Community service. Collect cans for the local food bank, work in a soup kitchen as a family or visit children or other patients in a hospital. These actions reinforce in your kids the importance of doing good work, helping people in need and engaging meaningfully with others.
Love your neighbor. Even an invitation for lemonade and homemade cookies is an opportunity to teach planning and social skills to children. Ask them to create invitations, plan the music or entertainment, help set the table and help serve the food to guests.
Household chores. Point out to your kids how their washing the dishes or folding clothes actually helps the whole family. These lessons help them learn responsibility and how to be others-centered.
Help the elderly. Giving just a little of our time makes a huge difference in the lives of others. Kids see this when visting their grandparents or residents of nursing homes, and it encourages a tender heart. “Look not only to [their] own interests, but also to the interests of others” Philippians 2:4.
Manners matter. Teach kids that manners are more than protocol; they show respect and concern for others. A few good resources: The Amy Vanderbilt Complete Book of Etiquette and Amy Vanderbilt’s Everyday Etiquette, “The Manners Lady” at themannersclub.com.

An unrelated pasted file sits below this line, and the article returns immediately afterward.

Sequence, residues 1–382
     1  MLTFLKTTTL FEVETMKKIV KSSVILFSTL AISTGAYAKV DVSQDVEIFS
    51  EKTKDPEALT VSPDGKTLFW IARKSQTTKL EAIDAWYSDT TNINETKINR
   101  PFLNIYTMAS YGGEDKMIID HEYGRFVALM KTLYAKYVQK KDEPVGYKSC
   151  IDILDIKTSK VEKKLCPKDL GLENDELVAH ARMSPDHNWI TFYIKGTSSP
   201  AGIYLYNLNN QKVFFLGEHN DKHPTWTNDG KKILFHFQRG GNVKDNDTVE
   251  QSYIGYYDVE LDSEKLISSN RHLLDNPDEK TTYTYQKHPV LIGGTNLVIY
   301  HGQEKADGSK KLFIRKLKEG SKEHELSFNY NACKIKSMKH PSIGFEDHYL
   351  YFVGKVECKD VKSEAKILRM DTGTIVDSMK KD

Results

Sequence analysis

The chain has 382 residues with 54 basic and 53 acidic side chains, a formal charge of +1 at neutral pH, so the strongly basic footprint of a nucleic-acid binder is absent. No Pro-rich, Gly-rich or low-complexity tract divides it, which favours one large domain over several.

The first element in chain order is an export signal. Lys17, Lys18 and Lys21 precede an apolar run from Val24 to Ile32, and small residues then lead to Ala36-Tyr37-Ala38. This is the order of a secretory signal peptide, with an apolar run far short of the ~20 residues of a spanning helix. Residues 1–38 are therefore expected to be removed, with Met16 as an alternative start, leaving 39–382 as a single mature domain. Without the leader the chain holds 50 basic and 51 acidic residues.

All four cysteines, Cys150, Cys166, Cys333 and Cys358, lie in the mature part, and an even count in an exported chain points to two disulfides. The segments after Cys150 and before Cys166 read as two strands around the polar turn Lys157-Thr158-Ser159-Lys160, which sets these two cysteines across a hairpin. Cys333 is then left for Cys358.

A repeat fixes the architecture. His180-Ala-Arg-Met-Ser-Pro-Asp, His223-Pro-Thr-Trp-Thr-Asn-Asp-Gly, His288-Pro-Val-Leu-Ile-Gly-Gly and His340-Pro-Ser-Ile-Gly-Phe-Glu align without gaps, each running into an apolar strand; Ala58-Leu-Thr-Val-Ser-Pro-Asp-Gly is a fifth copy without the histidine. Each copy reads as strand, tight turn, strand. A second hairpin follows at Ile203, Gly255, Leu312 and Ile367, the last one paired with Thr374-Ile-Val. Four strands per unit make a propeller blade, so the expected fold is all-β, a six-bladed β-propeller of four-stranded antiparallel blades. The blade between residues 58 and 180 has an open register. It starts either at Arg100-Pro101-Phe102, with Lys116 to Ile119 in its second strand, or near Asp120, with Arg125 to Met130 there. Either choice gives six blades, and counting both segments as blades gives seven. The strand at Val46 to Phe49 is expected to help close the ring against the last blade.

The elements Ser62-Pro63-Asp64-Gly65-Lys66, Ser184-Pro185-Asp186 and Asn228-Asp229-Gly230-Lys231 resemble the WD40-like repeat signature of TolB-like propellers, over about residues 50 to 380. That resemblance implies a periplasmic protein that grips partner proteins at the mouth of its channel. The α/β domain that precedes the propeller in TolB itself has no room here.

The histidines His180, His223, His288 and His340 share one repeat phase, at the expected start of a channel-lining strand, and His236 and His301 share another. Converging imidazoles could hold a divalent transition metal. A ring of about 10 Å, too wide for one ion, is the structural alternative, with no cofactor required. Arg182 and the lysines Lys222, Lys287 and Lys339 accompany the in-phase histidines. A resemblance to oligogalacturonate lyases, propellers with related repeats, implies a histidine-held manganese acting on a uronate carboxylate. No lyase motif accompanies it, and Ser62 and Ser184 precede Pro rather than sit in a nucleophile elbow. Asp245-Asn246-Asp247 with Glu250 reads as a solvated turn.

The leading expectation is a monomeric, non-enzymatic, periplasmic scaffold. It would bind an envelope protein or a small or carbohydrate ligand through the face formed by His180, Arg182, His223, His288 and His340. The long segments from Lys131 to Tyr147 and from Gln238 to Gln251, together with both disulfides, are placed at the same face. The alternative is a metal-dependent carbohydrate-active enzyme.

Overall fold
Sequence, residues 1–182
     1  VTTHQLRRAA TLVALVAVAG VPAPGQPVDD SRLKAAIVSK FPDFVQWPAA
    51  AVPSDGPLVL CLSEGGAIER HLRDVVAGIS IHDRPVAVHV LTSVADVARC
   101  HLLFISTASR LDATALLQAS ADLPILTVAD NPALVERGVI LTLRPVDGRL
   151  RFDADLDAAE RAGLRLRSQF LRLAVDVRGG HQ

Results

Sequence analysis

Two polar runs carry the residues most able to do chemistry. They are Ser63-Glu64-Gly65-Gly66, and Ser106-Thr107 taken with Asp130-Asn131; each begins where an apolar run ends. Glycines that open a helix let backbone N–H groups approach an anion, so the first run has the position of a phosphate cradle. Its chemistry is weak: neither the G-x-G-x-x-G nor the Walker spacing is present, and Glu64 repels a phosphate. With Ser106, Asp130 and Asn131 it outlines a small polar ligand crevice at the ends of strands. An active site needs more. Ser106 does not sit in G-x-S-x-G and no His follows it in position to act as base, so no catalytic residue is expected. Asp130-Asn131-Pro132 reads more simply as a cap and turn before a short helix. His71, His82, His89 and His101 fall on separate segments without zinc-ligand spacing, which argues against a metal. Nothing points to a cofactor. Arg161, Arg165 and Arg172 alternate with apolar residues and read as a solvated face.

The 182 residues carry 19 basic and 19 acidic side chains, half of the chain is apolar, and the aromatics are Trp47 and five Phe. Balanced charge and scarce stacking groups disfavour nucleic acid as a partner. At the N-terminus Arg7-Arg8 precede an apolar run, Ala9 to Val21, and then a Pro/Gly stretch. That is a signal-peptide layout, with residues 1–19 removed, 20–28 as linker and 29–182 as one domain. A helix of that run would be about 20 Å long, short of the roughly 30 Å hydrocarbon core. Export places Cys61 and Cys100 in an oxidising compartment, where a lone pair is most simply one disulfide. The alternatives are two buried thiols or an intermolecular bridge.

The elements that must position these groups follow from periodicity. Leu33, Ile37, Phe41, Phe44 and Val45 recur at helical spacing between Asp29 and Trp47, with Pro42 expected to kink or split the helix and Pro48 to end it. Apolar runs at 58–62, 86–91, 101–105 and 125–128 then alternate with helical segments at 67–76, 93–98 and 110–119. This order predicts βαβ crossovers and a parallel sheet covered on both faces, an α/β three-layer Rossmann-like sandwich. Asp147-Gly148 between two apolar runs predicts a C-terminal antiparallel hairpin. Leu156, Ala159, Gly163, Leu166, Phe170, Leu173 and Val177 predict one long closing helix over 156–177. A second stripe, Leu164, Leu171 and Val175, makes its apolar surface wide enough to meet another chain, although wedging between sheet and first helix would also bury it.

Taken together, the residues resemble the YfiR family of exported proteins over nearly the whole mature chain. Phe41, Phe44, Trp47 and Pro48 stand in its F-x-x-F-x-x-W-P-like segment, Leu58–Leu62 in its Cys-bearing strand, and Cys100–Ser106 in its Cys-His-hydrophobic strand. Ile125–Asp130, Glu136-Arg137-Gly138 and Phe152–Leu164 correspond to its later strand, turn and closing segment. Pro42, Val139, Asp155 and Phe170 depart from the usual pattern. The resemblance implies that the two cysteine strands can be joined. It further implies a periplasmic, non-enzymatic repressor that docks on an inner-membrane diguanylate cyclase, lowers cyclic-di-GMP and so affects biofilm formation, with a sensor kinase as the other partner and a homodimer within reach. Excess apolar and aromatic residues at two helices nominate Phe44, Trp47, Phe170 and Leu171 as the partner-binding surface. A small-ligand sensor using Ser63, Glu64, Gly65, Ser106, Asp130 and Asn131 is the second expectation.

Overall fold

Good sportsmanship. Board games allow parents to teach many lessons including counting, strategy, social interaction skills, the appropriate level of competitiveness, and how to win and lose with grace.
Handmade greeting cards and letters. Letters and cards are less common now but no less impactful. Homemade stationery offers a personal and creative way to communicate. Have kids design and create special cards and letterhead for birthdays or other events throughout the year. Store them in a three-ring binder fitted with plastic sleeves for safekeeping. Don’t forget to send them!
Art of conversation. Ease children into the ability to converse. Teach them how to make introductions and encourage them to use proper English. Teach them how to ask questions, how to address peers and adults politely and how to correctly use telephone and electronic communication. Let them practice in low-stress social situations.
Donate. This is a great way to teach your children about helping others; they love to be involved. Ask them to sort through their old clothes and toys to give some away. Many local stores that resell usable items often provide jobs to the less fortunate in their own communities, so donating serves others in more than one way.
Help those who mourn. Share the hope that Jesus brings to those who are suffering a loss. If someone you know is suffering the loss of a loved one, let your child witness the care you take to comfort that person. Your child will not be too uncomfortable to do the same in the future.
Work ethic. The Bible frequently warns against idleness, stressing that it leads to ruin. Work is not a punishment from God but a means by which we develop character. Kids who understand the purpose of work are most likely to behave in ways that will improve the world. “A shiftless man lives in a tumbledown shack; A lazy woman ends up with a leaky roof” Ecclesiastes 10:18 MSG
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